GTO looks and performance without the GTO price tag, that's what this 1970 Pontiac LeMans GTO tribute is all about. Freshly restored and ready to rumble, it brings a 400 cubic inch V8, factory A/C, and a few welcome upgrades that make it a fun cruiser that gets a lot of attention.
1970 was probably the high-water mark for muscle cars, and none looked better than the GTO, which explains why this car is sure to generate a lot of attention. The all-new front end gave the GTO a traditional Pontiac look that was unlike anything else, and it remains true today. The vivid blue paint on this tribute makes it a real eye-catcher and the details that emulate the GTO are all faithfully reproduced. In addition to the straight bodywork, which shows quite well even under the bright lights in our studio, it sports a proper Ram Air hood and wing on the deck lid, as well as the requisite GTO emblems in the proper locations. The paint shows well, and while this isn't intended to fool experts, most of the guys at the local cruise night will nod appreciatively at this car's handsome good looks. There's also a nice-fitting black vinyl top that doesn't show any issues underneath and with a lot of bright chrome and stainless trim, the vivid electric blue paint really pops.
Buckets and a console are familiar GTO fare and they make the illusion here far more convincing. The upholstery is in good shape with only minor signs of use and age, pretty much as you'd expect for a car approaching its 45th birthday. A tilt steering column holds a Grant GT steering wheel that's a bit more muscular looking than the original thin-rimmed piece and it still frames a three-hole dash with factory instruments deep inside. Woodgraining on the dash and center console give the GTO an upscale feel inside, which was totally Pontiac's idea when they designed it, and the bright strip of trim that houses the AM/FM radio and A/C controls is a styling detail that dates back to the earliest days of the Goat. In back, the seat looks virtually unused and the trunk is in good order with proper spatter-finish paint.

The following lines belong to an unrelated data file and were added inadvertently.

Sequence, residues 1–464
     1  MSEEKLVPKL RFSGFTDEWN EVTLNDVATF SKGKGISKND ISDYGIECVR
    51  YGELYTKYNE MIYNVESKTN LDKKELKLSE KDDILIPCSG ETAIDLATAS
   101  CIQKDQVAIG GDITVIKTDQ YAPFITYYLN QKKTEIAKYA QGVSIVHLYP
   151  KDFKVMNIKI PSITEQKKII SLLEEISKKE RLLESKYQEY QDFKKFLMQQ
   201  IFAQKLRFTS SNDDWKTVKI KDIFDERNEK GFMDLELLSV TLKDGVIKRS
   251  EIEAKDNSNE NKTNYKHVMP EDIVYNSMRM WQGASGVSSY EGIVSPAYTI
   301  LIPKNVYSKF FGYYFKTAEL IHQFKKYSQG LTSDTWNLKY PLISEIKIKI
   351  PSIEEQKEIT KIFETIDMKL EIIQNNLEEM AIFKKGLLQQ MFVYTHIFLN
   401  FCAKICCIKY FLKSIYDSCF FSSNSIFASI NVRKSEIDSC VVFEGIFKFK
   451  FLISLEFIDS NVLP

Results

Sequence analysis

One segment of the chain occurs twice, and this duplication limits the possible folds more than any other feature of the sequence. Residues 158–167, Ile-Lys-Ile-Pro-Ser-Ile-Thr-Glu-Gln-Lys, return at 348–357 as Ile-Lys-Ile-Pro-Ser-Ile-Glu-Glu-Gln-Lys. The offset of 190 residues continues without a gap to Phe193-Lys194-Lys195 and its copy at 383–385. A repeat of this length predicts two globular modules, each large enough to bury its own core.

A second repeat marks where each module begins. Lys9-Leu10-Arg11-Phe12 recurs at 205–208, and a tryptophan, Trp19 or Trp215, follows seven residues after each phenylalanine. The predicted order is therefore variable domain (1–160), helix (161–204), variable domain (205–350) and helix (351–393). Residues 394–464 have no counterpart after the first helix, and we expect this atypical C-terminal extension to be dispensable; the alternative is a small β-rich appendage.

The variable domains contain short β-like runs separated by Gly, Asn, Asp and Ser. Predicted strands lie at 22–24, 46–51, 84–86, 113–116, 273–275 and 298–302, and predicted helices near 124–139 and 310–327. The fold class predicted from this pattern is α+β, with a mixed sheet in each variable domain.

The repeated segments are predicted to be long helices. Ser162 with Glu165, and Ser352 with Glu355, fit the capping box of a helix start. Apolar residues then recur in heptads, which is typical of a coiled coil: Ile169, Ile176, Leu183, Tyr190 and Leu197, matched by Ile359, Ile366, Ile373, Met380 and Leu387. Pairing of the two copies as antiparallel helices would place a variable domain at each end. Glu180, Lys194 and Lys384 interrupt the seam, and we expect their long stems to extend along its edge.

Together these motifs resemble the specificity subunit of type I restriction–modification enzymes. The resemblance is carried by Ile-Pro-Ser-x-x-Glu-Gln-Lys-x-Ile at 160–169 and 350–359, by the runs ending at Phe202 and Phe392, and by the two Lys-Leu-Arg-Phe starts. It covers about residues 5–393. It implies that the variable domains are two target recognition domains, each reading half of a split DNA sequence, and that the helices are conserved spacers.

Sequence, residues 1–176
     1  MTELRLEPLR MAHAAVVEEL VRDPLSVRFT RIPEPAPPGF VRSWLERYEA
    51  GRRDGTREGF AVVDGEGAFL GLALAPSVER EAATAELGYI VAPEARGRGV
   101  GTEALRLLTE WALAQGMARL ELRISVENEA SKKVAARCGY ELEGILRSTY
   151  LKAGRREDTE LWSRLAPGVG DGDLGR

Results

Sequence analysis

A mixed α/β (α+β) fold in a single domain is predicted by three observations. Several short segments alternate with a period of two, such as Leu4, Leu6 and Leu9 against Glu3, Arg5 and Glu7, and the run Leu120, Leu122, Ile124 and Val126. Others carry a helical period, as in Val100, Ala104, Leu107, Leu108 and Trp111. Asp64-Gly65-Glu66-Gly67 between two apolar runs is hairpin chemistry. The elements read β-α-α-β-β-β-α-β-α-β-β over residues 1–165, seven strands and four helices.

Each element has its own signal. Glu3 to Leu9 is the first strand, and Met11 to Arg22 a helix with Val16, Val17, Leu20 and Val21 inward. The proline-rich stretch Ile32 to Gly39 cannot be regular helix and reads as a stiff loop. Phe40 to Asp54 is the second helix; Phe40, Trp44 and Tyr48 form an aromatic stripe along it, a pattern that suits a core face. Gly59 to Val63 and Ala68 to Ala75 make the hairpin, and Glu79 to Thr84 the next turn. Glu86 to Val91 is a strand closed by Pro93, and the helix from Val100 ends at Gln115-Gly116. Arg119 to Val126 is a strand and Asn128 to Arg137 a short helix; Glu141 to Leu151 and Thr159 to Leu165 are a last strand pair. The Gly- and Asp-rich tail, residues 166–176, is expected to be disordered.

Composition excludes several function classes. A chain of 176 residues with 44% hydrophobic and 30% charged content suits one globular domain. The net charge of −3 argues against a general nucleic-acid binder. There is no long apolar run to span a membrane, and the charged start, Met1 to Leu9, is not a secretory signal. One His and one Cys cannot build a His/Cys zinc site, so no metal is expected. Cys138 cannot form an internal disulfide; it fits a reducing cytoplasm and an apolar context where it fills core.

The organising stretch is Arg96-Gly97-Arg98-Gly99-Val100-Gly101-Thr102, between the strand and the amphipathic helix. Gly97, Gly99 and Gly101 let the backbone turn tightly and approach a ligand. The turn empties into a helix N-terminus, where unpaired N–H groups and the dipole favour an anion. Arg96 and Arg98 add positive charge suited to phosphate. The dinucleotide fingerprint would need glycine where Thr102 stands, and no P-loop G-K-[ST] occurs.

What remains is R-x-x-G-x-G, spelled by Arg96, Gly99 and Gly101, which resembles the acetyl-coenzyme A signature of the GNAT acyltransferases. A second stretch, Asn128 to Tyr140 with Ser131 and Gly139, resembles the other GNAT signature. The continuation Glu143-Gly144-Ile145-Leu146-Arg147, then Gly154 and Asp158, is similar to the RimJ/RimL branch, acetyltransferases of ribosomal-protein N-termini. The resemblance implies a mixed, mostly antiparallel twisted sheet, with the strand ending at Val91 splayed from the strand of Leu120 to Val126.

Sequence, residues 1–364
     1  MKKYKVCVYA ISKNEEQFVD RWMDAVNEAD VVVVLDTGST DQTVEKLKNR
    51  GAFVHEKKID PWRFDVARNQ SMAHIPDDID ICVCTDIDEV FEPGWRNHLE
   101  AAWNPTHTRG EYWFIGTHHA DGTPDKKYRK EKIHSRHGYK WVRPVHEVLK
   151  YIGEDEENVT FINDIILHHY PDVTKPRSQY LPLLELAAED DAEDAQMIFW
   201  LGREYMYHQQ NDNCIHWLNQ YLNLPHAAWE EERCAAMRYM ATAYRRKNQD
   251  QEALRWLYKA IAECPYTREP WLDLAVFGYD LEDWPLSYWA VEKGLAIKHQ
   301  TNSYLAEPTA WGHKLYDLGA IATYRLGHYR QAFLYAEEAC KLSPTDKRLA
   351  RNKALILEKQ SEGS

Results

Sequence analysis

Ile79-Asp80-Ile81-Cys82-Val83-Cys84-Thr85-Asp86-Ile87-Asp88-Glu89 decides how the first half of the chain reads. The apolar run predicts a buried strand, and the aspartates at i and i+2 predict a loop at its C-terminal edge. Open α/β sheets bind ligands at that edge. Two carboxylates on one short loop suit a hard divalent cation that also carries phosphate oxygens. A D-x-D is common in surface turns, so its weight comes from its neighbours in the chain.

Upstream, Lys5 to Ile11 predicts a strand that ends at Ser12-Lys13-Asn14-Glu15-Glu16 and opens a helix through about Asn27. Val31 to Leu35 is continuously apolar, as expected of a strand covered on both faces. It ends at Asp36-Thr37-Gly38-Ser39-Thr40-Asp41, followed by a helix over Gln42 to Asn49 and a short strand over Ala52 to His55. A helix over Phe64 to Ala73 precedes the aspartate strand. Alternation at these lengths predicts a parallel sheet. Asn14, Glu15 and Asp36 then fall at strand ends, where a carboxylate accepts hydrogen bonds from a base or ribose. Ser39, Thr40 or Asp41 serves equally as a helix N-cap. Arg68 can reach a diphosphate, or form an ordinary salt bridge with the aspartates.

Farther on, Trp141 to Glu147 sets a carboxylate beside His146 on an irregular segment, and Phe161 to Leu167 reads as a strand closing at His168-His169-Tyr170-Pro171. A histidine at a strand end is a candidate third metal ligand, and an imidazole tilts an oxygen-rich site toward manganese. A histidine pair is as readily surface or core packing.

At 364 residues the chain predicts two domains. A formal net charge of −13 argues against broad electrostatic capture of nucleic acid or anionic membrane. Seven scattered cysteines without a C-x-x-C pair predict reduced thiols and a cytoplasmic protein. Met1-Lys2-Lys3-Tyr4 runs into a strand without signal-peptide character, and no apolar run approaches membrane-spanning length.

The engine is based on a code YX 400 block, and with upgrades like a Holley 4-barrel carburetor and long-tube headers, it cackles and snarls like a proper GTO should. The block is finished in corporate turquoise paint, so it looks the part, and with chrome valve covers and a matching open-element air cleaner, it has the right attitude. Professionally rebuilt in 2010 to 360 horsepower specifications, it's an extremely strong runner with a fantastic exhaust note thanks to a recent Flowmaster exhaust system with turn-downs ahead of the rear axle. The TH350 3-speed automatic transmission always seems to find the right gear and a 10-bolt rear end doesn't seem to mind the torque running through it. It's pretty original underneath, but that only means you can easily spot signs of trouble and this car has nothing to hide. The suspension and brakes are largely stock, but those big 17-inch Torque Thrust wheels and 245/45/17 Kumho performance radials give it a period look that's more in tune with today's style.
This isn't a pedigree car, but it is a really straight GTO tribute with a very stout motor. If having fun is your goal, this car does it better than most. Call today!